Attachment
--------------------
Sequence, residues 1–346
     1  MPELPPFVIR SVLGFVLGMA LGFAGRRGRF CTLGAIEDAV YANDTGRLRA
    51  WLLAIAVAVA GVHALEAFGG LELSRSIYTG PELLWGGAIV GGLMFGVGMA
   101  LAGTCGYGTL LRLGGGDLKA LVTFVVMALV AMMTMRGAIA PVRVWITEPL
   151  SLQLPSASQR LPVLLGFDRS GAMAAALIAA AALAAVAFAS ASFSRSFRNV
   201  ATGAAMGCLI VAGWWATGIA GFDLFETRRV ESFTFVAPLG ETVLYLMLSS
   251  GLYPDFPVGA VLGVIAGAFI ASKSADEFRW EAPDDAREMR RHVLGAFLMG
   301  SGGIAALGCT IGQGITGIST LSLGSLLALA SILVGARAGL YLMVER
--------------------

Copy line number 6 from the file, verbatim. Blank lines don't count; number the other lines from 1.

   201  ATGAAMGCLI VAGWWATGIA GFDLFETRRV ESFTFVAPLG ETVLYLMLSS